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Darkness to Light: Breaking the Cycle of Child Sexual Abuse
By Geoff Belcher
Apr 11, 2014, 22:01

Hope Haven now offers training to adults to help prevent child sexual abuse in Hancock County. Pictured above are members of the training team, including Alison Blanchard, volunteer, left; Loraine Wemer, Hope Haven administrative assistant; Rhonda Sherwin, Hope Haven board president; Don Sherwin, volunteer; Robert Stanton, volunteer; and Cindy Hornosky, volunteer.

The number of abused and/or neglected children in Hancock County has grown exponentially since Hurricane Katrina. As of Thursday, according to the Mississippi Department of Human Services, there were more than 330 Hancock County children in foster care.
"The increase in child abuse and neglect cases all along the Coast since Katrina it's a curse," Terry Latham, executive director for Hope Haven Children's Services, said Thursday. "For 20 years, Hope Haven has been taking care of these kids after they've been abused or neglected. Most of our activity has been caring for parents in crisis and kids in crisis after-the-fact."
Tired, saddened and angered by the vast increase in abuse cases particularly sexual abuse, Latham said Hope Haven volunteers are going proactive.
Hope Haven is reaching out to the community to offer the "Darkness to Light: End Child Sexual Abuse" program.
"We reached the point where we said 'enough is enough,'" Latham said. "Someone has to do something."
Hope Haven's Lorraine Wermer and Lorray Maurigi worked tirelessly until the found the non-profit Darkness to Light organization.
"With absolutely no funding," Latham said, Hope Haven sent Wermer and Maurigi for training. Once certified to train others, the two women returned home and have begun training others.
The first five volunteers graduated from their training program this week and are now seeking new volunteers to train.
The first five are Cindy Hornosky, Robert Stanton, Lyn Wilson, Alison Blanchard and Rhonda Gamble.
"This program can work," Wermer said Thursday. "It takes dedicated individuals to take it and it takes widespread acceptance in the county, but once those two things come together, we can save some children."
"Our goal is to reduce child sexual abuse in our communities," Wermer said. We need the cooperation of every out-oriented agency, child care advocate, parent, grandparent, aunt and uncle. Everyone has a stake in stopping this abuse."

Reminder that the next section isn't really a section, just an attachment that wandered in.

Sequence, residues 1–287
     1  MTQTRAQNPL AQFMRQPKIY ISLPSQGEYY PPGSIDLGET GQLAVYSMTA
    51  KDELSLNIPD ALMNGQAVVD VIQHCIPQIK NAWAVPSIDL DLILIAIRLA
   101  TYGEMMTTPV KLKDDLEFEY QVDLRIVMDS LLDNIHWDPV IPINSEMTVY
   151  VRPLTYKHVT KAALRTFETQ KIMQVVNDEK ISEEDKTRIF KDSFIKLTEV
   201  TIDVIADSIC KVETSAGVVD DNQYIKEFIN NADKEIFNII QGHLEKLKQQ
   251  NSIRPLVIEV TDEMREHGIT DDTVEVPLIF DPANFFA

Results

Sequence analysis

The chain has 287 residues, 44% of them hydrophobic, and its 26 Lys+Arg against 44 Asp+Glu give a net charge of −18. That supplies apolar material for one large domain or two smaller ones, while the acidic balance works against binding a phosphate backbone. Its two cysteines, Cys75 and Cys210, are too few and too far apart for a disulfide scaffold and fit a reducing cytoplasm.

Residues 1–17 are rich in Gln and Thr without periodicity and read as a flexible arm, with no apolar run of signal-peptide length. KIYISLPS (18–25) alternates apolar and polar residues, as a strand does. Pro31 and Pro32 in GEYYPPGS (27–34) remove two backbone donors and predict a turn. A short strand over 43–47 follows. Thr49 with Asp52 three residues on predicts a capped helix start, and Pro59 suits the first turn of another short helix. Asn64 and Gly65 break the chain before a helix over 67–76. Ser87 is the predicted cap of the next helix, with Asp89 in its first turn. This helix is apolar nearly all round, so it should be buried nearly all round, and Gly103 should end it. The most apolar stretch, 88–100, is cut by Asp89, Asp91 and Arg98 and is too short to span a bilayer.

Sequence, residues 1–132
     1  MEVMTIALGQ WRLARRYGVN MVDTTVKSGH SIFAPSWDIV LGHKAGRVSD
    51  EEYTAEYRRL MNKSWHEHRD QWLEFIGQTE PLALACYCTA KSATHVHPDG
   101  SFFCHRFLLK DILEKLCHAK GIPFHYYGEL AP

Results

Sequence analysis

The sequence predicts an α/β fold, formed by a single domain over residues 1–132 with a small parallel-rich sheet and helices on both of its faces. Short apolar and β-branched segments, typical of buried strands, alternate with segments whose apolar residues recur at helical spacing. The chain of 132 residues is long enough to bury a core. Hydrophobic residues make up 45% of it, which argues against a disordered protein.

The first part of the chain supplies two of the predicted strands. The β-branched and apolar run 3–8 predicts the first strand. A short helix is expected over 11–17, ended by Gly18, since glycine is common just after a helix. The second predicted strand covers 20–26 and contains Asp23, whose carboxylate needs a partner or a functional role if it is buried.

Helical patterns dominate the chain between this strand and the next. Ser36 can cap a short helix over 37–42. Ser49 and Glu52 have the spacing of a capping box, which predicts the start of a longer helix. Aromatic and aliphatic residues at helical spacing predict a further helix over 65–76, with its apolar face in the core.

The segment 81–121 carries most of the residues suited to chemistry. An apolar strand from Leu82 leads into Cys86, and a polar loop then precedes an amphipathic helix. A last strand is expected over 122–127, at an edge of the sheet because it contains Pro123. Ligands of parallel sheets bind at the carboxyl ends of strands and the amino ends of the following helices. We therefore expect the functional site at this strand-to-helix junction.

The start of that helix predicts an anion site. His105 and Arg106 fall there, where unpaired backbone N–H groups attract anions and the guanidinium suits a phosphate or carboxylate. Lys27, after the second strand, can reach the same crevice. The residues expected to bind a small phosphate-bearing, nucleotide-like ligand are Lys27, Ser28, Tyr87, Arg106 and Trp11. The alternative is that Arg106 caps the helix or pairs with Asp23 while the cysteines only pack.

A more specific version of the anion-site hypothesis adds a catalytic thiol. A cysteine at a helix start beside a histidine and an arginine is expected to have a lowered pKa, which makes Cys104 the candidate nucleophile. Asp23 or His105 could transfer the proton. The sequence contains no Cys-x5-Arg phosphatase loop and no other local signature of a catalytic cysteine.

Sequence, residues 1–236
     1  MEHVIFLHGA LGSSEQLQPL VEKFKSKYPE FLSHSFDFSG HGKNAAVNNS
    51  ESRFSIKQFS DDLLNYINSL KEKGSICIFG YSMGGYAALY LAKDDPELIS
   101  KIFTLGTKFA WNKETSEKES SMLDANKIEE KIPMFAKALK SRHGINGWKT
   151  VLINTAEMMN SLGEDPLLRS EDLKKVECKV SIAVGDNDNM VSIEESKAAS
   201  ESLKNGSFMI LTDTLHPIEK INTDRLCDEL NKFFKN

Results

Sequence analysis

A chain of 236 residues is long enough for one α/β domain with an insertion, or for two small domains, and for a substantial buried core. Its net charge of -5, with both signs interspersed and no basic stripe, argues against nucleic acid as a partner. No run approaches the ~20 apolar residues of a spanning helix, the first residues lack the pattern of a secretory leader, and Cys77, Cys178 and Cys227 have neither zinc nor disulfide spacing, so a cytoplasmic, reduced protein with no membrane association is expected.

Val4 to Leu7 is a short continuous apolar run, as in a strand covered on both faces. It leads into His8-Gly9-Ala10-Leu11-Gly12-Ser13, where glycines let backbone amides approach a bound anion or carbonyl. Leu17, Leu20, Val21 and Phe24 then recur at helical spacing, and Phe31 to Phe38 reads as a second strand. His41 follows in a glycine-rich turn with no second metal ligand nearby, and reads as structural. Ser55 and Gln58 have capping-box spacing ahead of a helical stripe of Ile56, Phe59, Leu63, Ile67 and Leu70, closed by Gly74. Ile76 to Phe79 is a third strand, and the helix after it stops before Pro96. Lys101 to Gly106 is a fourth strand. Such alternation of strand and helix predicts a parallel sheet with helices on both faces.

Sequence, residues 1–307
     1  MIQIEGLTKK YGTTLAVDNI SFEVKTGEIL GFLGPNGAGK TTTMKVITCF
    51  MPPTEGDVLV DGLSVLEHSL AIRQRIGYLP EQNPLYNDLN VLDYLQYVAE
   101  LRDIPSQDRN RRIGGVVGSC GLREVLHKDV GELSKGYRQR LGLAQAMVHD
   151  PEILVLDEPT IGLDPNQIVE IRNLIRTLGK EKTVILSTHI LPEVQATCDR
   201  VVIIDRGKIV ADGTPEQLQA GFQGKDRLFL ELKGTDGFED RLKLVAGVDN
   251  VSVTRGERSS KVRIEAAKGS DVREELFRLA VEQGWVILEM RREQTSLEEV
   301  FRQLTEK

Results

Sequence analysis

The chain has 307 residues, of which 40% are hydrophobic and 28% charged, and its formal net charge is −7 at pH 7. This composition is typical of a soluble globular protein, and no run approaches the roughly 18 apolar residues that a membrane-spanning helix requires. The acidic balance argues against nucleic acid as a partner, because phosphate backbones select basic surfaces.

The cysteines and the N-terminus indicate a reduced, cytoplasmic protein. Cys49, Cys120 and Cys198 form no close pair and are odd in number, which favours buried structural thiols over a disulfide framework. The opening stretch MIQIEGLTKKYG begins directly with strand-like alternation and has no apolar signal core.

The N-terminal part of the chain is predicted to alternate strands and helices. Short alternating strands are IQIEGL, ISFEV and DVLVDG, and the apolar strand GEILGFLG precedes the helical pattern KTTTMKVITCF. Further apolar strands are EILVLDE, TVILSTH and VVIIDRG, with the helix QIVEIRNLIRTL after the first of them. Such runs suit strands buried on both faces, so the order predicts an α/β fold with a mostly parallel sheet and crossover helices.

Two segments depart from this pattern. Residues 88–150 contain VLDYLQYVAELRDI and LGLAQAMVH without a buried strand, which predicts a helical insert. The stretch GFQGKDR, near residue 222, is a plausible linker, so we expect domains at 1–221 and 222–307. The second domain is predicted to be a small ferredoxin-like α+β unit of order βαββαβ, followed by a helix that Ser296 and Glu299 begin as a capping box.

Wermer said her training revealed some shocking statistics.
"The immediate economic impact for Hancock County per incident of child sexual abuse is $313,379," she said.
"Think about it," Latham said. "We have 28 social workers working with these kids, there's a cost for their salaries, for the building, for the overhead there. Then there's law enforcement, the district attorney's office, youth court, CASA, and on and on.
"And then when the kids go to counseling, the state has to pay for them to go somewhere.
"In our county alone, the federal dollars spent alone, is $4.5 million a year."
The long-term impact is even worse, he said.
"It's a proven fact that children who are victims of sexual abuse have long-term emotional problems," Latham said.
"Often, they contribute to the continued pater and abuse their own children or other children. Child sexual abuse is the gift that keeps on giving."
The Darkness to Light program is beneficial, Wermer said, because it involves adults in the community to work together to end the problem, taking the onus and responsibility off the shoulders of the victims, the children.
There are some simple facts everyone should know, she said.
First, one in 10 children are sexually abused; roughly 90 percent of them know their abuser it's either a family member of family friend.
We can reduce child sexual abuse by 80 percent immediately by not allowing children to be left alone with adults or older children: "A child and adult should never, ever, in this day and age, be one-on-one with someone where they can't be seen by other people," Wermer said.
We have to open the lines of communication, talking openly with our children about their bodies and boundaries.
We must learn to recognize the signs of abuse.
We must learn to react responsibly once abuse is suspected: "A lot of times, when they're questioned by the teacher, by the principal, by the counselor," Wermer said, "by the time the social worker gets there, the child no longer wants to talk about it. ... Ask the bare necessities who, what, when and where and then you call in the professionals."
"Our objective is to empower the community," Wermer said. "This program can stop child sexual abuse."
The Darkness to Light training involves a two-hour program.
For more information or to register for the program, call Hope Haven at 228-466-6395 or 601-916-7030.













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